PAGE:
Tesla will officially unveil and test its electric semi truck on October 26 in Hawthorne, CA, according to recent tweet from CEO Elon Musk. The truck, which was first tweeted about in April and then teased during a TED talk Musk gave in early May, could have massive implications for the trucking industry.

Musk seems to be happy with the way the truck turned out as well. In the tweet he called the truck a “beast,” writing that it’s “unreal” and worth seeing in person.

During his May TED talk, Musk spoke of the power of the electric truck. He noted that the flat torque RPM curve of the electric motor could help it seriously out-perform traditional trucks with diesel engines. He called it “spry” and said could be drive “like a sports car.”

SEE: Elon Musk releases teaser image of Tesla semi truck (ZDNet)

“They think the truck doesn’t have enough power or it doesn’t have enough range, and then with the Tesla Semi we want to show that no, an electric truck actually can out-torque any diesel semi,” Musk said in the talk. “And if you had a tug-of-war competition, the Tesla Semi will tug the diesel semi uphill.”

While the electric motor has been confirmed, the question of whether or not the truck will have autonomous or semi-autonomous capabilities is still up in the air. In Musk’s TED talk he initially said that the truck wouldn’t have any autonomous or driverless features.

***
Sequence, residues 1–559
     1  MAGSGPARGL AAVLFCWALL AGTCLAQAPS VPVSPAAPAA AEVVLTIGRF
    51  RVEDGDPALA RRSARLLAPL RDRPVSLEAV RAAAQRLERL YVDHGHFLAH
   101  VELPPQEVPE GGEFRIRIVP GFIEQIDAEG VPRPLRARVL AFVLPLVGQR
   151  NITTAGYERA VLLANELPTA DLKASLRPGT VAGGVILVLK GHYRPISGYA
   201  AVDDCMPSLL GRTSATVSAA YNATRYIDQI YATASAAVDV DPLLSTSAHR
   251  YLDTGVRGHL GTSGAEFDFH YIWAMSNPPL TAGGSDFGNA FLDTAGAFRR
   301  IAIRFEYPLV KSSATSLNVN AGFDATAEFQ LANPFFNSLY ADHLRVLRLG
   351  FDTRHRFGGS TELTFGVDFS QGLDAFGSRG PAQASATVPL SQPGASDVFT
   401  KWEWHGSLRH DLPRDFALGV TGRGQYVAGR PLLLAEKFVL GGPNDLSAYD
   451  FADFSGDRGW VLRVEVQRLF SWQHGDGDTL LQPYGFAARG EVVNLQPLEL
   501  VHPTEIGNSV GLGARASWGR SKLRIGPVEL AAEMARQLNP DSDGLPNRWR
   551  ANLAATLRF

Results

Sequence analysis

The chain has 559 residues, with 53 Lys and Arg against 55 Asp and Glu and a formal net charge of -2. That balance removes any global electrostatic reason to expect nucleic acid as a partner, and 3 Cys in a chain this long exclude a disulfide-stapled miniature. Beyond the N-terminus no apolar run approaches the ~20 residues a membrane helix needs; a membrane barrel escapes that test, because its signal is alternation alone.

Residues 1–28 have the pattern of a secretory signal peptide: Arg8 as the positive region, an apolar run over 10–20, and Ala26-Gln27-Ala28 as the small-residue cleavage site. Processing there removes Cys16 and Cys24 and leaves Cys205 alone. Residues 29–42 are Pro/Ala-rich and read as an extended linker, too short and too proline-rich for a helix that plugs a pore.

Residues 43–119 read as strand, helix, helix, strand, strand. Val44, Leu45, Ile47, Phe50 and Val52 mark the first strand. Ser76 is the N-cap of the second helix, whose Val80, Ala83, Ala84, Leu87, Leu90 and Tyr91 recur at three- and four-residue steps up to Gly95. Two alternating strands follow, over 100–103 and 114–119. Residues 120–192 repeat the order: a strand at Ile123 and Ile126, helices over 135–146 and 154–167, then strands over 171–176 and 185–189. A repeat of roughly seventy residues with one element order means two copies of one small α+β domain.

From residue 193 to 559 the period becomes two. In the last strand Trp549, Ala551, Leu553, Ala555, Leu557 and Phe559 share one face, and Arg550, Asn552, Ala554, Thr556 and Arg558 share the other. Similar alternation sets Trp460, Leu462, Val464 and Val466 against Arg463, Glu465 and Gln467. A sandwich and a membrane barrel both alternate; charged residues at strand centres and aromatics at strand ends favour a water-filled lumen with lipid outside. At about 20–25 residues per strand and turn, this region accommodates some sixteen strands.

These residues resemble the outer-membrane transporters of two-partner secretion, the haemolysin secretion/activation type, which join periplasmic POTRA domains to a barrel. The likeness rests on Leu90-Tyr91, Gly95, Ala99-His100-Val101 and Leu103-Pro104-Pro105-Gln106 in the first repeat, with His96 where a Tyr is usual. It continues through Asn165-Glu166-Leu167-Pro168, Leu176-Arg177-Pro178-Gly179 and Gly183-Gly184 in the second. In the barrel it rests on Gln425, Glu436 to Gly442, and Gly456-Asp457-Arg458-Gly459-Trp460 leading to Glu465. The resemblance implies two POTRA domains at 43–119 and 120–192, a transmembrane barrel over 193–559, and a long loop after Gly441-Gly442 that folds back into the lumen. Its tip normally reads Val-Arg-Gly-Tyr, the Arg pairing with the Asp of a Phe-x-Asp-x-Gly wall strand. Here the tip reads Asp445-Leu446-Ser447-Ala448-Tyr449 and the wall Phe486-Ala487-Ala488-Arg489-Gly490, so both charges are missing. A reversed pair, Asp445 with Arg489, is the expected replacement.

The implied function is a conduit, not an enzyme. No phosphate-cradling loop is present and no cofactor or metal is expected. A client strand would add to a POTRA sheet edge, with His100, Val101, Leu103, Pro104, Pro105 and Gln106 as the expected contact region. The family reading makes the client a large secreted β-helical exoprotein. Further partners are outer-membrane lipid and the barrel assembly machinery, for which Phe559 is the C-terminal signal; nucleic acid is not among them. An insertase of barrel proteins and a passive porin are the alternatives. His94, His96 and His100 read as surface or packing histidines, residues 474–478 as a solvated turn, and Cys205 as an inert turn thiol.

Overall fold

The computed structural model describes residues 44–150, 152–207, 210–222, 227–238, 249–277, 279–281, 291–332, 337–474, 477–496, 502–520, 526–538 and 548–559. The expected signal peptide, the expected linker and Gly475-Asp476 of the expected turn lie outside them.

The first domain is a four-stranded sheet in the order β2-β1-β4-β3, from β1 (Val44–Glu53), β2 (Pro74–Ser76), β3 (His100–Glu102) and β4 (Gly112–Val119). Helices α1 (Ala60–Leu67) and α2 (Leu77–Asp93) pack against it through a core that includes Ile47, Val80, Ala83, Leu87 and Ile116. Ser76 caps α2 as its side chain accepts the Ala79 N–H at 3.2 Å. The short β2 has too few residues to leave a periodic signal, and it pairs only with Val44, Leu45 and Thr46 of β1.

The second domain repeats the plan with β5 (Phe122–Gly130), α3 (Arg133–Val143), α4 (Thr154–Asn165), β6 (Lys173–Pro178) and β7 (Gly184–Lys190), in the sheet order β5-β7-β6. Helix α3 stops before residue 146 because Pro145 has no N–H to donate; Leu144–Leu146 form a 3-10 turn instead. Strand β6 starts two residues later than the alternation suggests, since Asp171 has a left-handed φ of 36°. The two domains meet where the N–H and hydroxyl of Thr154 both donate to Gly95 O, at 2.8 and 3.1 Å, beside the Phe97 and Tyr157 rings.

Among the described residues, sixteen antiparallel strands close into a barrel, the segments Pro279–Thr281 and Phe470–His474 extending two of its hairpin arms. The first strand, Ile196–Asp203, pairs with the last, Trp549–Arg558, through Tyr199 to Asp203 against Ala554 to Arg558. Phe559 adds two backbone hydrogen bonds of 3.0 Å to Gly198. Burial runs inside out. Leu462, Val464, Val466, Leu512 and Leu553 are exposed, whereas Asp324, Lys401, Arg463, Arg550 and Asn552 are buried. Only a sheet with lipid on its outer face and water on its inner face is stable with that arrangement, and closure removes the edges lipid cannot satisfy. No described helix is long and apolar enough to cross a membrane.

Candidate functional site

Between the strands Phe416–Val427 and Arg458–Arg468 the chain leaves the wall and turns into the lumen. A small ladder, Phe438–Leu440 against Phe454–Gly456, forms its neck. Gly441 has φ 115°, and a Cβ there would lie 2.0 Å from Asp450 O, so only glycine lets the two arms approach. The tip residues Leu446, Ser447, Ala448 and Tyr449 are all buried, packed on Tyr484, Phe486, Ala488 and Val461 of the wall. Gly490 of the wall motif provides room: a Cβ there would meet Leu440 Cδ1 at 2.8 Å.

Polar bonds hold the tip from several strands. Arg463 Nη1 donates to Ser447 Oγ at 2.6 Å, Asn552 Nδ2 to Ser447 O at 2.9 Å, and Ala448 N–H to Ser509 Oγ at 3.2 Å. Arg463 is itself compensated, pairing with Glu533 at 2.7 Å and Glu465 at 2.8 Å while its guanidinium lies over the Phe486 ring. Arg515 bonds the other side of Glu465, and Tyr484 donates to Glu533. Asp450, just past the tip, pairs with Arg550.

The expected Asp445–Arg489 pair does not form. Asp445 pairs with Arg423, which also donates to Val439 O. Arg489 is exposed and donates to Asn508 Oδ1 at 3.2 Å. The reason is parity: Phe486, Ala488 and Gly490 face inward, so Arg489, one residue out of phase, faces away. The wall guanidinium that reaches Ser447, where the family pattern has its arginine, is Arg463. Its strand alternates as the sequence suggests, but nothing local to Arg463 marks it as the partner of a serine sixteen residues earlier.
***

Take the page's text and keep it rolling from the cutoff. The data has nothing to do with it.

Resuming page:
In August, though, a Reuter’s report detailed an email exchange between Tesla and the Nevada Department of Motor Vehicles (DMV) about possible road tests for an autonomous truck. In the emails, it was noted that the Tesla truck would be semi-autonomous and able to operate in platoons behind a lead truck.

Platooning is seen by some as a major forerunner to full autonomy. The UK government, for example, just greenlit semi-autonomous truck platoon trials for 2018.

One of Tesla’s main Silicon Valley competitors in trucking is Uber. After its acquisition of self-driving company Otto, Uber has been showing off its own work on Lidar-enabled autonomous trucks. Although, other major automakers like Volvo and Mercedes are working on their own self-driving trucks too. Daimler has also unveiled its electric trucks, and already has UPS on the line as a buyer.

The implications for both electric and autonomous semi trucks are huge. The truck manufacturers, the drivers, and the energy providers all risk being disrupted in one way or another as these technologies move mainstream.

The 3 big takeaways for TechRepublic readers

  1. Tesla CEO Elon Musk tweeted that the firm’s electric semi truck would be unveiled and tested on October 26 in Hawthorne, CA.
  2. Musk had previously claimed that the truck wouldn’t have autonomous capabilities, but a recent email exchange with the Nevada DMV points to road tests for that technology.
  3. Uber, Volvo, Mercedes, and more are all working on autonomous trucks, which could majorly disrupt the trucking industry in multiple ways.